Roth - Qualified Distributions

Views:
 
Category: Education
     
 

Presentation Description

No description available.

Comments

Presentation Transcript

Roth 403(b)/401(k)&Roth Distributions : 

Roth 403(b)/401(k)&Roth Distributions ROTH ROTH 403b

Roth Elective Deferrals : 

Roth Elective Deferrals

Roth Elective Deferrals : 

Roth Elective Deferrals 403(b) 401(k) Roth

Roth Elective Deferrals : 

Roth Elective Deferrals 403(b) 401(k) Roth

Roth meets Tax : 

Roth meets Tax 01/01/2006

Roth meets Tax : 

Roth meets Tax 01/01/2006

Roth meets Tax : 

Roth meets Tax 01/01/2006

Roth meets Tax : 

Roth meets Tax 01/01/2006

Roth Contributions : 

Roth Contributions

Roth Contributions : 

After tax contributions Similar to tax sheltered contributions, at least for: Contribution limits In-service withdrawal restrictions Roth Contributions

Roth Growing Up : 

Roth Growing Up

Roth Growing Up : 

Roth Growing Up

Roth Growing Up : 

Roth Growing Up

Roth Accounts : 

Roth contributions Grow like all other contributions Tax Deferred Distribution of Roth contributions not taxed Roth Accounts

Roth Accounts : 

Qualified Roth Distribution Must meet two conditions: Satisfy 5 year rule; and Be a qualified purpose. Roth Accounts

Qualified Roth Distributions : 

Satisfying 5 Year Rule Roth account must be in the 403(b) / 401(k) for at least 5 years Example: 1st Roth contribution made October 15, 2010 5 Yr rule satisfied by 1-1-2015 Qualified Roth Distributions

Roth All Grown Up : 

Roth All Grown Up

Roth All Grown Up : 

Roth All Grown Up

Qualified Roth Distributions : 

Qualified Purpose Rule Participant attains 59 ½ ; Participant disabled; or Participant dies. Qualified Roth Distributions

Qualified Roth Distributions : 

Example 1 On July 1, 2008, Karen, age 58, first contributes to a Roth 403(b) account in her employer’s plan.  She leaves that employer in 2009 and transfers her Roth 403(b) account to her new employer’s plan in 2009. She makes her first contribution on January 1, 2010.  On January 1, 2013, she wants to take an in-service distribution from her Roth 403(b) account. Qualified Roth Distributions

Qualified Roth Distributions : 

Is the distribution tax-free? Yes, the distribution satisfies both conditions. It satisfies the qualified purpose rule since Karen is over age 59½, and It satisfies the five-year rule since the 5 yr clock starts on the January 1 of the calendar year in which Karen first contributed to a plan (2008).  The clock continues to tick based on the measuring date for the first contribution if the participant transfers that account to a subsequent employer’s plan. Qualified Roth Distributions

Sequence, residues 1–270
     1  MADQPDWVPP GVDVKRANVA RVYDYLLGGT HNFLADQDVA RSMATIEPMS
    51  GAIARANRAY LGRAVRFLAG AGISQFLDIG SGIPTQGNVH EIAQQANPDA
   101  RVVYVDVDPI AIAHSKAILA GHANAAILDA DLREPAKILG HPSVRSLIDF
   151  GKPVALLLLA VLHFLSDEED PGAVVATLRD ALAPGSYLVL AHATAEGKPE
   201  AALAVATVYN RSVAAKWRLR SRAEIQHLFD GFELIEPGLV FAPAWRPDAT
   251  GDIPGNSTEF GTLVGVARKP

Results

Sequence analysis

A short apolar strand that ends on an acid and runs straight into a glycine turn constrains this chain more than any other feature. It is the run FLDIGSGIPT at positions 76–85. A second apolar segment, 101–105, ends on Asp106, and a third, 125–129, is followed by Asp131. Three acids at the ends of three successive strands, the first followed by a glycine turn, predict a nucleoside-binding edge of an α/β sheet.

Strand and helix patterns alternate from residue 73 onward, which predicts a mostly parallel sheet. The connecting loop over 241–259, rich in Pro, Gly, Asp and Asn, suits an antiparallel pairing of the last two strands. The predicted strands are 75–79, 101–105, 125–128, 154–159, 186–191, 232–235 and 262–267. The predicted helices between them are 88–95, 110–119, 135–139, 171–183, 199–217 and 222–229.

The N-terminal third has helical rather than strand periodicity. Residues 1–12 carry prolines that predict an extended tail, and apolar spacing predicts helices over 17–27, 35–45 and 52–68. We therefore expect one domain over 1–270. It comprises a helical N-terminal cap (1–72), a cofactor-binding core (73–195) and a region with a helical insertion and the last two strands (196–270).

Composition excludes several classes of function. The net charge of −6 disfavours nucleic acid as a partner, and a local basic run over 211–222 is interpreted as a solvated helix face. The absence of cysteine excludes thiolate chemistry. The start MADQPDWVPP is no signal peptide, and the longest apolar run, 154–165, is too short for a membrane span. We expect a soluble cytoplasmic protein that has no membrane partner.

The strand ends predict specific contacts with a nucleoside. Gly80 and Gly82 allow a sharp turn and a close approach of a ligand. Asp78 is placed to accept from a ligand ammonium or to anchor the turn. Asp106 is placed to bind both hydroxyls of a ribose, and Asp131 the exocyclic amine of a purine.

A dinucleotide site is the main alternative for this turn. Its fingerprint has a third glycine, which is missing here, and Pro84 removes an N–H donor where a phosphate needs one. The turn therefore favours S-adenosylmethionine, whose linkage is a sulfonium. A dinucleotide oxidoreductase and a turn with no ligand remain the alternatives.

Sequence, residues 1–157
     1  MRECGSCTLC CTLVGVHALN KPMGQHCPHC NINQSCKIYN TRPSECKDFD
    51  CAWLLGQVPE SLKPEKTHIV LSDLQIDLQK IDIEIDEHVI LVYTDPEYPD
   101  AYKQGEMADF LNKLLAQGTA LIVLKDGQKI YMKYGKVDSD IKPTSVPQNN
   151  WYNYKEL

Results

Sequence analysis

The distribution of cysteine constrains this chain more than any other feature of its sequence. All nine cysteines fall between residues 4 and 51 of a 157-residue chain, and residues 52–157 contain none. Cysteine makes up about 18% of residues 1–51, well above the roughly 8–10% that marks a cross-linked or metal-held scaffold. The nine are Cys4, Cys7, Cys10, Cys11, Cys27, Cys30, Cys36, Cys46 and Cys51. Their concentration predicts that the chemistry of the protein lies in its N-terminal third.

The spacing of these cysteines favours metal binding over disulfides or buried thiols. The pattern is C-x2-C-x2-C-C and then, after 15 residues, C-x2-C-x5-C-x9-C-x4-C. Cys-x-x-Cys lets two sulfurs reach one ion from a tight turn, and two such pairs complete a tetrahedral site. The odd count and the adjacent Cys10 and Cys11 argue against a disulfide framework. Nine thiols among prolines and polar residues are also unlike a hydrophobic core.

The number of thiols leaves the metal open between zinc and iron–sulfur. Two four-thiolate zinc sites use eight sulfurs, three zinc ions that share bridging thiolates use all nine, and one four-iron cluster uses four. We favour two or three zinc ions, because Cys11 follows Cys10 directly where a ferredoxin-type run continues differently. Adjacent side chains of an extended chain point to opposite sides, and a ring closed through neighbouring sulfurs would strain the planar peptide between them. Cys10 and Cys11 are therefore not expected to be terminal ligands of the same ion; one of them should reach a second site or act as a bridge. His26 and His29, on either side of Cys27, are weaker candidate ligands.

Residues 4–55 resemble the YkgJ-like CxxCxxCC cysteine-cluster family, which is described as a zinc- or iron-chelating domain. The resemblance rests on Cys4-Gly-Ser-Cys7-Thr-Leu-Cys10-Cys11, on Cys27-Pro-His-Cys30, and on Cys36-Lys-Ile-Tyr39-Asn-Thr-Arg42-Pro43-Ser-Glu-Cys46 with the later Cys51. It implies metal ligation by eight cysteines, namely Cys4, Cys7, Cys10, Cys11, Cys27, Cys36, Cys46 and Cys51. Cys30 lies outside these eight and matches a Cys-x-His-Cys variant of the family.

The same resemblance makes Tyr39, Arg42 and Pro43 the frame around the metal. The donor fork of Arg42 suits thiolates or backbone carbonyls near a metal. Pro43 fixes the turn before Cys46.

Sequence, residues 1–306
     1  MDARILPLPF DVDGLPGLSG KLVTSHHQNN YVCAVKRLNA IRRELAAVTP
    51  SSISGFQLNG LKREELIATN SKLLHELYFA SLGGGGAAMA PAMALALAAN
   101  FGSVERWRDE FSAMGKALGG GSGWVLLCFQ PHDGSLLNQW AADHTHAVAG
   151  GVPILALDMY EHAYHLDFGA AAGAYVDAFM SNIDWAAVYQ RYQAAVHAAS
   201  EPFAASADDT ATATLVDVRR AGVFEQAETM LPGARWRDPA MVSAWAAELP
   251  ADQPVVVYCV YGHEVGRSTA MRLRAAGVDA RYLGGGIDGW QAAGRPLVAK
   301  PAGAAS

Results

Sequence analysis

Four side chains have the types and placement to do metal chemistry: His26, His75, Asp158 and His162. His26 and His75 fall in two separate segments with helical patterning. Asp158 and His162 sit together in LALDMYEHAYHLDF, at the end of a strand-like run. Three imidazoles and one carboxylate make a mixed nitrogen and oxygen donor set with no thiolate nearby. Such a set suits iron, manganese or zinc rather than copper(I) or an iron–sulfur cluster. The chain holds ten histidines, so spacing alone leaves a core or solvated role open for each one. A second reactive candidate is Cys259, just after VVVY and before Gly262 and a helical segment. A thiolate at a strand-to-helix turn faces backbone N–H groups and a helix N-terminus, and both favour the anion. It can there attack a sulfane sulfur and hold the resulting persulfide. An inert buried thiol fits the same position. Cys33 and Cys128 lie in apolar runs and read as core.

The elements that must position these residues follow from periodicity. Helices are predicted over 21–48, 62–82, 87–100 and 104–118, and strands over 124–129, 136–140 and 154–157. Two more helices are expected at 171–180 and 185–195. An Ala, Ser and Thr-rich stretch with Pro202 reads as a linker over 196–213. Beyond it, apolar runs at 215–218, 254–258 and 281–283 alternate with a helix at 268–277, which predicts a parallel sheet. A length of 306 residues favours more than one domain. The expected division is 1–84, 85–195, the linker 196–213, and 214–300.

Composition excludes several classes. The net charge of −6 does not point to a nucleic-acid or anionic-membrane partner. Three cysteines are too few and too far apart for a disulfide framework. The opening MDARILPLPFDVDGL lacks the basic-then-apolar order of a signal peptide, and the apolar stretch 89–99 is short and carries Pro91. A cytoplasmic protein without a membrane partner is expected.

Qualified Roth Distributions : 

Example 2 On July 1, 2008, Sally, age 58, first contributes to a Roth 403(b) account in her employer’s plan.  She leaves that employer in 2009 and does NOT transfers her Roth 403(b) account to her new employer’s plan. She makes her first contribution on January 1, 2010.  On January 1, 2013, she wants to take an in-service distribution from her Roth 403(b) account. Qualified Roth Distributions

Qualified Roth Distributions : 

Is the distribution tax-free? A distribution from her current employer’s plan is NOT tax free since the distribution only satisfies one condition. Sally is over age 59½ so the qualified purpose rule is satisfied; however, The distribution does NOT satisfy the five-year rule since the measuring date for distributions for her new employer’s plan is January 1, 2010 A distribution from her prior employer’s plan is tax free since the distribution satisfies both conditions. Qualified Roth Distributions

Qualified Roth Distributions : 

Example 3 On July 1, 2008, Cindy, age 40, first contributes to a Roth 403(b) account in her employer’s plan.  She leaves that employer in 2009 and transfers her Roth 403(b) account to her new employer’s plan in 2009. Then she makes contribution for her new plan on January 1, 2010.  On January 1, 2013, she terminates with her new employer and wants to take a distribution. Qualified Roth Distributions

Qualified Roth Distributions : 

Is the distribution tax-free? No. The distribution does satisfy the five-year rule; however, it does not satisfy the qualified purpose rule since Cindy is not disabled, deceased or age 59½.  Therefore, the distribution is not qualified, and a portion of the distribution is taxable.   The taxable portion of the nonqualified Roth distribution is calculated based on total gains on investments in the Roth 403(b) account divided by the total Roth 403(b) account times the distribution amount. Qualified Roth Distributions

Roth Distributions : 

Example 4 Susan, age 60, has a total plan account balance of $50,000.  Her account balance consists of: $10,000 in an employer non-matching account, $ 5,000 in an employer matching account, $20,000 in her tax sheltered account ,and $15,000 in her Roth 403(b) account.  The Roth 403(b) account consists of $12,000 in contributions and $3,000 in investment gains.  The Roth account is 3 years old. Roth Distributions

Roth Distributions : 

Roth Distributions If Susan receives a $5,000 distribution from her Roth account, what portion of this distribution, if any, is taxable?

Roth Distributions : 

Roth Distributions If Susan receives a $5,000 distribution from her Roth account, what portion of this distribution, if any, is taxable? The distribution is not a qualified Roth distribution since Susan only satisfies the qualified purpose rule (she is over age 59½) but not the five-year rule.  The taxable portion of the Roth distribution is calculated based on the total gains on investments in the Roth account ($3,000) divided by the total Roth account ($15,000) times the distribution amount ($5,000). [ ($3,000 / $15,000) x $5,000 ] = $1,000.

The End : 

The End

authorStream Live Help